Army Civilian Training, Education, and Development System Plan
CP-14 - Contracting and Acquisition Career Program

SECTION VI - EDUCATION, TRAINING, AND EXPERIENCE

A. General. Education, training, and experience are the three different, yet interrelated elements of career development. The career paths found in the Master Training Plan (discussed below) recognize the unique and distinctive contributions of each element to career development.

B. Education. Education has a central and distinctive role in career development. Education provides the basic intellectual tools and habits for effective training, competent job performance, and professional growth. Besides providing basic mental tools, education presents the basic body of knowledge of the CP-14 career program to the careerist. Education also connotes continuous learning by applying various intellectual activities to specific situations and changed conditions. Education is dynamic, reflecting the accelerating pace of change in society in general and in the continued growth of specialization as a discipline or body of knowledge thickens. Education finally includes more than the accretion of knowledge, the ability to think, and the development of inquisitiveness; it is also value-laden and reflects the ethical context of decision-making. Education is thus fundamental to the growth of an empowered and entrepreneurial profession. Education is the necessary condition for training.

C. Training.

  1. Overview.
    1. Training complements both education and experience in career development. Whereas education is generally long-term and conveys a general application, training is short-term and focused on the immediate and practical. The emphasis in training is on practical action: what to do and how to do it. Training focuses on acquiring limited, job-related skills to meet organizational goals. While education deals with a complex set of attitudes, skills and values, training deals with specific tasks or competencies.
    2. CP-14 training is organized into three distinctive, interrelated and mutually reinforcing categories: technical training, Army Leader-Development training, and executive/management training attained through the AAC and CP-14 Competitive Professional Development (CPD) opportunities. The training relationships between technical training, Army Leader-Development training (discussed in Section VII), and executive and management training are graphically portrayed in Figure 6.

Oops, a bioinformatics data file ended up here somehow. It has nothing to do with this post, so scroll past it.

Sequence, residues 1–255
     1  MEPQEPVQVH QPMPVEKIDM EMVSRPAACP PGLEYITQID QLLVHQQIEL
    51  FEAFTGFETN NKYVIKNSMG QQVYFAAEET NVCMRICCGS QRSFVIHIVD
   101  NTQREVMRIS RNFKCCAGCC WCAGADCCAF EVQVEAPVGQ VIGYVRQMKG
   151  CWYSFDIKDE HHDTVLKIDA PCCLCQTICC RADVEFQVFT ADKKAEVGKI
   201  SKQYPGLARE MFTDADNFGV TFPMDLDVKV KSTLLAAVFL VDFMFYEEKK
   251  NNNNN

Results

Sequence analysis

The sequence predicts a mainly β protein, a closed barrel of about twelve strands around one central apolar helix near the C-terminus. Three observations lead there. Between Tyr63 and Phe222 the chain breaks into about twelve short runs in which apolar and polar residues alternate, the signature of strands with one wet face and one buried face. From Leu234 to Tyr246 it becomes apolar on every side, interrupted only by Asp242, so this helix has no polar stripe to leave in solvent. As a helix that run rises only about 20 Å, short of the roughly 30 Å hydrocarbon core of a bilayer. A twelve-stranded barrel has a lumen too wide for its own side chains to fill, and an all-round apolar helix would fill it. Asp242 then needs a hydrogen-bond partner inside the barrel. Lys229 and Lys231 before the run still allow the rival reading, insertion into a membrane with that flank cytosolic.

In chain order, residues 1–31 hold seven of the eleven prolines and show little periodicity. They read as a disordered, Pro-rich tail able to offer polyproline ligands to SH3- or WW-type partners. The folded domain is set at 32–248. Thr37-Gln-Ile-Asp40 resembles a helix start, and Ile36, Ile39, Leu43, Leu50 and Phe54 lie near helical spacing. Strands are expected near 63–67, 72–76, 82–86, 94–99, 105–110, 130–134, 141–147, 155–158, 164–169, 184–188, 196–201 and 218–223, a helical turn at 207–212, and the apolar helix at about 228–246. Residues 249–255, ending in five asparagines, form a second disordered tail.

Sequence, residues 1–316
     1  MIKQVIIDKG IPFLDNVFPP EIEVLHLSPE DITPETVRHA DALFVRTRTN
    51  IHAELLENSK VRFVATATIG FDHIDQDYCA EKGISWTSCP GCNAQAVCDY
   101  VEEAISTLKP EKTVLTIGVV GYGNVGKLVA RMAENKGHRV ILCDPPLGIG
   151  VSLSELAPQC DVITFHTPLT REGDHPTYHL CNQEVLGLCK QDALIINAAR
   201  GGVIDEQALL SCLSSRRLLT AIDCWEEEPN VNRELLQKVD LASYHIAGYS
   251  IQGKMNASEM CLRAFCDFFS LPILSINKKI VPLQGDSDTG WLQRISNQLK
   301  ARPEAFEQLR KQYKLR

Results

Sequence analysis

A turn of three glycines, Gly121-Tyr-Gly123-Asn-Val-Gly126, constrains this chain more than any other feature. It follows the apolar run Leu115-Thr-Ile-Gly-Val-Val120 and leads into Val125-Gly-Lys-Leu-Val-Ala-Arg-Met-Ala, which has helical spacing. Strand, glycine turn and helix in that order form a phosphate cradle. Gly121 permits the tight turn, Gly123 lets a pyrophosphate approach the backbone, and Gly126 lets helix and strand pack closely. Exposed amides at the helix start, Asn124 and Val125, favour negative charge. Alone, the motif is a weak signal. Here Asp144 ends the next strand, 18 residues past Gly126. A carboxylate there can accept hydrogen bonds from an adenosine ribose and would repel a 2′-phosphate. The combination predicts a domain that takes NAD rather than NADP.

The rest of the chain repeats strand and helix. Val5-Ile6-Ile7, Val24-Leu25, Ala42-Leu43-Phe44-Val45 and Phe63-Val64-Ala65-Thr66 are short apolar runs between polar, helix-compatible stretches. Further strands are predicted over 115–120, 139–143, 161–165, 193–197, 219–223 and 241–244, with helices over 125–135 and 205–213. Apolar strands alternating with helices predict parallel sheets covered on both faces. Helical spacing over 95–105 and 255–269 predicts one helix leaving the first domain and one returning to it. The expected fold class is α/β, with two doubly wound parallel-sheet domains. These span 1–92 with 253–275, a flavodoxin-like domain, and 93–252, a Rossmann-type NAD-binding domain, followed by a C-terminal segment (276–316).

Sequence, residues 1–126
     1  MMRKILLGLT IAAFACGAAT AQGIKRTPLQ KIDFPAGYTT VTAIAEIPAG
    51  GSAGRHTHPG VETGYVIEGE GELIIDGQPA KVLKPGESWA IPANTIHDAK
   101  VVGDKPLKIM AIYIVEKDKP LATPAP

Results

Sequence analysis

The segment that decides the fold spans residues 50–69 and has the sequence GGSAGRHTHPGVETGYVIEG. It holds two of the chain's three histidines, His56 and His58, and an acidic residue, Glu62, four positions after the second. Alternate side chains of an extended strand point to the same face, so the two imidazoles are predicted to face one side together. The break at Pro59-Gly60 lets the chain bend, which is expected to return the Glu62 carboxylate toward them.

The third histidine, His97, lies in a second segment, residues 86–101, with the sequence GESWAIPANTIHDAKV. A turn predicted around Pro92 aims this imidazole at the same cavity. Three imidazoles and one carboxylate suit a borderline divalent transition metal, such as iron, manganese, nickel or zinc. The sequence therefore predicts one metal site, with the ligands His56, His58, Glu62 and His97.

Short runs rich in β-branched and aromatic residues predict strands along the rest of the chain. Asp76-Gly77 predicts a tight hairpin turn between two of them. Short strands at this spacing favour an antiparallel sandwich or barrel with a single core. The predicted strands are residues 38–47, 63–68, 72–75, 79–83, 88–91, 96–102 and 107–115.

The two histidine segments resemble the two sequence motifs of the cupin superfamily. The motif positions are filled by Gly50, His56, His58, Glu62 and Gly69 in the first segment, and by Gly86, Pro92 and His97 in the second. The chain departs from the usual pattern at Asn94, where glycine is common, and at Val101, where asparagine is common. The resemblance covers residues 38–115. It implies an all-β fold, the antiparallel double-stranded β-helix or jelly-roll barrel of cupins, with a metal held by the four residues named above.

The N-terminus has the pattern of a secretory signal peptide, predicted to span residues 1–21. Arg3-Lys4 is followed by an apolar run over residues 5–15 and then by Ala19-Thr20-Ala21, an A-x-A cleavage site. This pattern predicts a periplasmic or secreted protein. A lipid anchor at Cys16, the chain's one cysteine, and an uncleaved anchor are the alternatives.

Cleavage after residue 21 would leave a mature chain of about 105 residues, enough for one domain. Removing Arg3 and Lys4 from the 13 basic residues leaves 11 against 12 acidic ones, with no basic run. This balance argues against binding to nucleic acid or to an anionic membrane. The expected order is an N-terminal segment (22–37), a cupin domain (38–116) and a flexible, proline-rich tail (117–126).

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    3. At the beginning of a career, technical training is paramount. Technical training, consisting of mandatory training (certification training and assignment-specific training) and desirable contracting and acquisition training, is the primary focus of the training effort from entry-level up through initial Level III certification. This training provides the core competencies required to do our work. Core competencies narrowly focus on the expert skills of contracting and are represented by the technical competencies detailed in Appendices F, G, and H. Army Leader-Development training complements the technical training and becomes increasingly important at higher levels of responsibility. Both the leader-development and technical training are augmented by desirable executive and management training which are offered competitively by the AAC and the CP-14 CPD programs. The AAC annually provides opportunities for executive and management training for AAC members. CP-14 careerists in the AAC are eligible for this training. The CPD program offers short-term focused executive training in best commercial practices and cutting-edge management practices at premier universities and executive training institutions. Through many of these courses the CP-14 members have the opportunity to refine or further develop their contracting business management professional skills and expertise. The leader-development and executive/management training are distributed competencies that are diffused throughout the Army and all large organizations; these competencies are represented by the General Professional Business competencies listed in Appendix F and by those discussed in detail in Appendix L, Acquisition Leadership Effectiveness Inventory (ALEI). A limited number of outstanding CP-14 professionals may be competitively selected for the Senior Acquisition Course (SAC) at the Industrial College of the Armed Forces (ICAF). HQDA sponsored Acquisition Excellence training, which is a subset of the CPD executive and management training, is also provided to re-skill the contracting and acquisition workforce.